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Microsoft now helps businesses use the data that powers Bing Predicts

TechCrunch TechCrunch 7/07/2016 Frederic Lardinois

A few years ago, Microsoft launched Bing Predicts, a project that aims to correctly predict sporting events and elections by combining lots of data with machine learning algorithms. Until now, though, there wasn’t really a product that made Bing Predicts available to users. Today, however, the company launched its Cortana Intelligence with Bing Predicts service.

Sadly, this still doesn’t quite make the huge corpus of data Microsoft gathers for Bing Predicts available to everybody, though. Instead, the Cortana Intelligence with Bing Predicts service is an end-to-end consulting program that, in Microsoft’s words “brings the power of Microsoft’s unique corpus of social, search and web data to let customers enrich and augment their Cortana Intelligence Suite solutions resulting in more accurate outcomes across a wide variety of business problems.” In other words: to use it, you’ll have to talk to a few sales reps and then sign complicated legal documents (plus pay quite a bit of money, I assume).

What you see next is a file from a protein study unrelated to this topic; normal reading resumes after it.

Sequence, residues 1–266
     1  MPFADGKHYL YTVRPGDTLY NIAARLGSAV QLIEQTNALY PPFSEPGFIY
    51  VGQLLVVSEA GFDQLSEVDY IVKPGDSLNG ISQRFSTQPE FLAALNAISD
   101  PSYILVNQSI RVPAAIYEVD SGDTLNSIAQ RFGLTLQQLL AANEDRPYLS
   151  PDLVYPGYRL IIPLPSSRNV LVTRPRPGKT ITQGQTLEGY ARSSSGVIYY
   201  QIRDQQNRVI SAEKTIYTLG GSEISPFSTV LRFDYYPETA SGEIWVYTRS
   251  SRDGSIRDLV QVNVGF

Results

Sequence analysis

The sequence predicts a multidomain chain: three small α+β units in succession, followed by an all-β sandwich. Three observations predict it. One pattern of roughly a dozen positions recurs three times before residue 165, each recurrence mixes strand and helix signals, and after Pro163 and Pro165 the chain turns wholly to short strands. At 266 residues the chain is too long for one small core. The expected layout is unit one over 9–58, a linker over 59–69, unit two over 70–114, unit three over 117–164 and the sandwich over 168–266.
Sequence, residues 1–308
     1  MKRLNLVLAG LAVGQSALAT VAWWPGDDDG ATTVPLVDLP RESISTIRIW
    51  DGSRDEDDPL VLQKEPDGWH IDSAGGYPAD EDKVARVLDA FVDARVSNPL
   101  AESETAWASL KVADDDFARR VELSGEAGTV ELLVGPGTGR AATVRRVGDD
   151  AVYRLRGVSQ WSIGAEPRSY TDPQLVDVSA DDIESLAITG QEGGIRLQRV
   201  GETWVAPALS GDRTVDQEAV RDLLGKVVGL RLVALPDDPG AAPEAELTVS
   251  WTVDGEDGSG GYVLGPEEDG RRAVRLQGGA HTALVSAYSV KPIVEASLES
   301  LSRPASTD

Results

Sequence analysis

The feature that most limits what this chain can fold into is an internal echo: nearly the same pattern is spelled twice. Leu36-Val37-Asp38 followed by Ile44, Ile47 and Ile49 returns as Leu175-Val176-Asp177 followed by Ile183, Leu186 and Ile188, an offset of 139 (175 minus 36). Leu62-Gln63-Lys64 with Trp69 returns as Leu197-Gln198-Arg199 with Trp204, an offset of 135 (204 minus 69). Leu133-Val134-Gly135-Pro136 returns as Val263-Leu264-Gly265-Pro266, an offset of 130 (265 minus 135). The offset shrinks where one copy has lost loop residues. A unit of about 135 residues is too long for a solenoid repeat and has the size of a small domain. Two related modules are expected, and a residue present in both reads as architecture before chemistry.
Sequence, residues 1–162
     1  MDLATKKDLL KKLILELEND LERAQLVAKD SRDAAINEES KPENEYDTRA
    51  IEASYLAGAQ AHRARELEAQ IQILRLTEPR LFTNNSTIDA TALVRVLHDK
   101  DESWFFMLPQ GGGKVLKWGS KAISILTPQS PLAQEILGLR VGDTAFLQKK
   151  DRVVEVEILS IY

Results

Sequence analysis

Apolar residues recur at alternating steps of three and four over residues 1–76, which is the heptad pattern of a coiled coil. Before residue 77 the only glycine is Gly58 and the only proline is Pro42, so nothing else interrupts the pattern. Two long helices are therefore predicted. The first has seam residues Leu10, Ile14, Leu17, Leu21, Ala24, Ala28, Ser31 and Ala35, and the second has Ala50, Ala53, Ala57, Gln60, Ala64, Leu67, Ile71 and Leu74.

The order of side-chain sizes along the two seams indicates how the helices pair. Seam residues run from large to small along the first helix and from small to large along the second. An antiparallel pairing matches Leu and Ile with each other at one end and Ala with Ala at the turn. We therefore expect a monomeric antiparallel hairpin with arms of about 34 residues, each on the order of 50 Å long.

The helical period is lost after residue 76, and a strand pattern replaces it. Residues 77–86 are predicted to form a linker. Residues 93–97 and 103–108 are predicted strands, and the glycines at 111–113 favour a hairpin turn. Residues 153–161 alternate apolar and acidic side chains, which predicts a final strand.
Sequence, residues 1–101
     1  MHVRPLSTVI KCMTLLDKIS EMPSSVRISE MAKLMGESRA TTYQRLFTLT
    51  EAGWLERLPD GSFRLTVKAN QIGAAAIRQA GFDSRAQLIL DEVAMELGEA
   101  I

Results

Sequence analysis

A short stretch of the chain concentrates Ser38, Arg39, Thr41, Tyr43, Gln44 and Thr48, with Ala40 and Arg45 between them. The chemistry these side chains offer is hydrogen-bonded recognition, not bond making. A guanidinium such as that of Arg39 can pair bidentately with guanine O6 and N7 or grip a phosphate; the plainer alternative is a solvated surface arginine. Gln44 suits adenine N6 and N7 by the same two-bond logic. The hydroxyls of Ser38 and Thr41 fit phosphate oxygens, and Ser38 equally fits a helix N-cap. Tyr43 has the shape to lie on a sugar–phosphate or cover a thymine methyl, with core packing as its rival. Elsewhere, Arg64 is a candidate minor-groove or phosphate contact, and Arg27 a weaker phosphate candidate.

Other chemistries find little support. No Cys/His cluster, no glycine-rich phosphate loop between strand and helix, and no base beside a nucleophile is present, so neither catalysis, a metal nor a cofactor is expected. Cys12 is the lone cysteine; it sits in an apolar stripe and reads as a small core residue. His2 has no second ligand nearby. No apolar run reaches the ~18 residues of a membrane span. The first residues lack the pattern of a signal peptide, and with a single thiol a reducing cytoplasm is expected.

The project is backed by data that includes anonymized and aggregate Bing search queries, IE user sessions, and Microsoft’s offline copy of the web and social media sites.

Cortana Intelligence with Bing Predict customers (they really couldn’t have figured out another name, right?) will work with a Microsoft team that will help them interpret this data to gain insights into consumer preferences, user sentiment, demographics and industry trends. “The heavy lifting of building, testing and operationalizing these enhanced solutions is handled entirely by Microsoft’s team of data scientists and solution architects, working with the industry-leading machine learning capabilities of the Cortana Intelligence Suite,” Microsoft writes.

It probably makes sense for Microsoft to launch this project as a consulting service instead of following the self-serve model it uses for virtually all of its other cloud services. Most businesses probable don’t have the in-house data science talent it takes to interpret this data and make it relevant to their businesses at this point, so they would be looking for a third party to help them work with this data anyway.

In addition to this new consulting program, Microsoft also today announced that its Power BI Embedded service for easily embedding reports and visualizations into apps will become generally available on July 11 and that anybody can now also use Power BI’s publish-to-web feature. Both of these programs were previously in preview.

The company also today announced that it will host its first Data Science Summit in Atlanta in September.

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